At the other, eastern end of the Reflecting Pool is the even more recently added WWII memorial. Now this is an oversized, overly "classic" design, and downright pompous affair. Temples dedicated to the European and the Pacific "theatres", respectively, flank the sides, and in between is a fountain feature ringed by walls with traditional bronze wreathes etc. – and even bronze relief plates depicting scenes from war. Particular place names of famous battles are etched into the stone on the inside of the ring, and the names of the USA's states line the outside of the wall. It's rightly controversial – an ugly and disproportionate pile. Ghastly.
The Lincoln Reflecting Pool – the main, long, rectangular one stretching westwards from here – and the Lincoln Memorial at its end are also worth mentioning for the site's partly dark-ish, but certainly momentous historic associations: it was here that Martin Luther King, who was later assassinated in Memphis, gave his famous "I have a dream …" speech from the steps of the Lincoln Memorial during the "March on Washington" demonstrations for racial equality in 1963. In 1969 it was the venue for the biggest anti-Vietnam-War rally, with ca. 100,000 protesters gathered around the reflecting pool. More recently, the Obama presidential inauguration party took place here in January 2009 (although that isn't dark in itself – but still worth mentioning because it ended the particularly dark era of the eight previous Bush years).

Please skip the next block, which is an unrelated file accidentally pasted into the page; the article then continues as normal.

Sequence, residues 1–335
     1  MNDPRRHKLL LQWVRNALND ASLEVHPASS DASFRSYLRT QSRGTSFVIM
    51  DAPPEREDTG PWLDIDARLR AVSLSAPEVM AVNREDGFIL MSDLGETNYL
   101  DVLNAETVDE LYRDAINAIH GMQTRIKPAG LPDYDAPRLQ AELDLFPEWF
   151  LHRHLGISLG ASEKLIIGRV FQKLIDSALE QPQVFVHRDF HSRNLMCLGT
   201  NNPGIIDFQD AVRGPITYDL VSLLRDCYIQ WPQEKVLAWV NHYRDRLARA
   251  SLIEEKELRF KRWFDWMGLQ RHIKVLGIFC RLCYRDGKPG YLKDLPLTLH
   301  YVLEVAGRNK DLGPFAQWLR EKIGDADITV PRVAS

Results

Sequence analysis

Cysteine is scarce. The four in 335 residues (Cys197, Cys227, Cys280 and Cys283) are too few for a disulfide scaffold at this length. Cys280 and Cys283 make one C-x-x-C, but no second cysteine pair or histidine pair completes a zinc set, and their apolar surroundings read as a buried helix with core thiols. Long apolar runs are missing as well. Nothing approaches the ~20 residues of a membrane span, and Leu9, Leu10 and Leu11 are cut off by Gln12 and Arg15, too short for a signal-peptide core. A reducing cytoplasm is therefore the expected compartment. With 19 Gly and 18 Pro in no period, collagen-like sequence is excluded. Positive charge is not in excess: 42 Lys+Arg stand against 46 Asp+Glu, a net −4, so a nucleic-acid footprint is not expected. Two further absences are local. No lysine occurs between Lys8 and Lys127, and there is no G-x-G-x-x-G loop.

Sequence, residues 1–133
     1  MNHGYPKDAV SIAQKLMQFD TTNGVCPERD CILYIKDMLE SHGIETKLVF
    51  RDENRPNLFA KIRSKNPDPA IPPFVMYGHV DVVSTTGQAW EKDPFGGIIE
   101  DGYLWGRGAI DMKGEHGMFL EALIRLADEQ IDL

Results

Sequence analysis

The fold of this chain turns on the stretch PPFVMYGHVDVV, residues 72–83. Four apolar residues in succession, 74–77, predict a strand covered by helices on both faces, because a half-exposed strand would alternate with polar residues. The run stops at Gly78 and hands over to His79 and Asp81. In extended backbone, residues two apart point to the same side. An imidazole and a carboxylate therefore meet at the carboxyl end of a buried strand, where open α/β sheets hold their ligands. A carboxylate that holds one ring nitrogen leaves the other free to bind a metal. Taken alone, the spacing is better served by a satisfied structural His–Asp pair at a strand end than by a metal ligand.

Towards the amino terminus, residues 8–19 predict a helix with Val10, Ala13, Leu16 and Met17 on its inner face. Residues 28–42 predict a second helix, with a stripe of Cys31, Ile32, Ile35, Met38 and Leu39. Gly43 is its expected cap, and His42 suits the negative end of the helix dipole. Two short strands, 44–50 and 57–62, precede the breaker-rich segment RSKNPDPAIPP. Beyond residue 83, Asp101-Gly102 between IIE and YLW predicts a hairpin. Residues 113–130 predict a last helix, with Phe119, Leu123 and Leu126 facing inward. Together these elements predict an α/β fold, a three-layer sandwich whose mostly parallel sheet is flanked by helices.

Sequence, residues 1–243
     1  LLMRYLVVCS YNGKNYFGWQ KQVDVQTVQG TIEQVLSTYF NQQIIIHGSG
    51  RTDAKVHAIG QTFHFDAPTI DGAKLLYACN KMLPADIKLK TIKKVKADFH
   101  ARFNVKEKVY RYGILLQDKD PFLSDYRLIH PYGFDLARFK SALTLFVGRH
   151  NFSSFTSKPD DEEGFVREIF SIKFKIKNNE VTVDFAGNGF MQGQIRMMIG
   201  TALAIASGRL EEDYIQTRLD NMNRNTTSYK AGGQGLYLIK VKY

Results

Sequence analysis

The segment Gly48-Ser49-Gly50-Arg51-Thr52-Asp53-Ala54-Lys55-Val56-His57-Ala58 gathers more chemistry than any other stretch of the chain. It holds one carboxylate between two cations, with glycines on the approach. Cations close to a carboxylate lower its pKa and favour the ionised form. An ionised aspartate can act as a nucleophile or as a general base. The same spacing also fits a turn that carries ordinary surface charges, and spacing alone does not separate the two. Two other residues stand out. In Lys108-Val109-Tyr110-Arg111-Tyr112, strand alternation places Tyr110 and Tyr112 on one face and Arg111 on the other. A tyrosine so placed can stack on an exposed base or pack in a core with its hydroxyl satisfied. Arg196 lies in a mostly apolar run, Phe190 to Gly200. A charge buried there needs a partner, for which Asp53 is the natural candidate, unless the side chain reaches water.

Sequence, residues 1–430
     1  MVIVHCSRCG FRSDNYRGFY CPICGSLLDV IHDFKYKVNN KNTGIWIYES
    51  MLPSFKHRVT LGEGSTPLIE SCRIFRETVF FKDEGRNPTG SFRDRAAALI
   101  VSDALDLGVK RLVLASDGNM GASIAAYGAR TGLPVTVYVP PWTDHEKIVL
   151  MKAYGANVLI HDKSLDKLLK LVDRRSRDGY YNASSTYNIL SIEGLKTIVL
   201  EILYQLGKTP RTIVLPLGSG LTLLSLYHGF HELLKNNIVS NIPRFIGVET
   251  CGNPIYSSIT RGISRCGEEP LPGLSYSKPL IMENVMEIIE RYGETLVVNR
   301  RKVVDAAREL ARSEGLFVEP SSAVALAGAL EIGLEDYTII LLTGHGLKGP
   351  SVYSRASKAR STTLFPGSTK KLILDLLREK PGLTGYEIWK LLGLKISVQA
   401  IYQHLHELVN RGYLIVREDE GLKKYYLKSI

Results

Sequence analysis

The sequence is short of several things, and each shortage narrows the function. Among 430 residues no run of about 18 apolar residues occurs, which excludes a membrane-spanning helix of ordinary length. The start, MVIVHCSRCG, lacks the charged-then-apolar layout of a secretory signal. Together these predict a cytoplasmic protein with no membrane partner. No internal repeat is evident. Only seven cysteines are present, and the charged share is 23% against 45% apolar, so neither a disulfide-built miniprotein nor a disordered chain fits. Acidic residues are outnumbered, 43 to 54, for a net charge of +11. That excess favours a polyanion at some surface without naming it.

Other dark destinations in the vicinity that are described in more depth in their own entries on this website include: Arlington, the US Holocaust Museum and the Newseum. For more sites see under Washington D.C.
Combinations with non-dark destinations: the National Mall is the very heart of touristic Washington – lined up along it are also (west to east): the Lincoln Memorial (and more presidential memorials around it), the White House, the various Smithsonian museums, the tall obelisk of the Washington Monument and lastly at the eastern end the Capitol. Tourist sights could hardly come more concentrated. See under Washington D.C.for more info.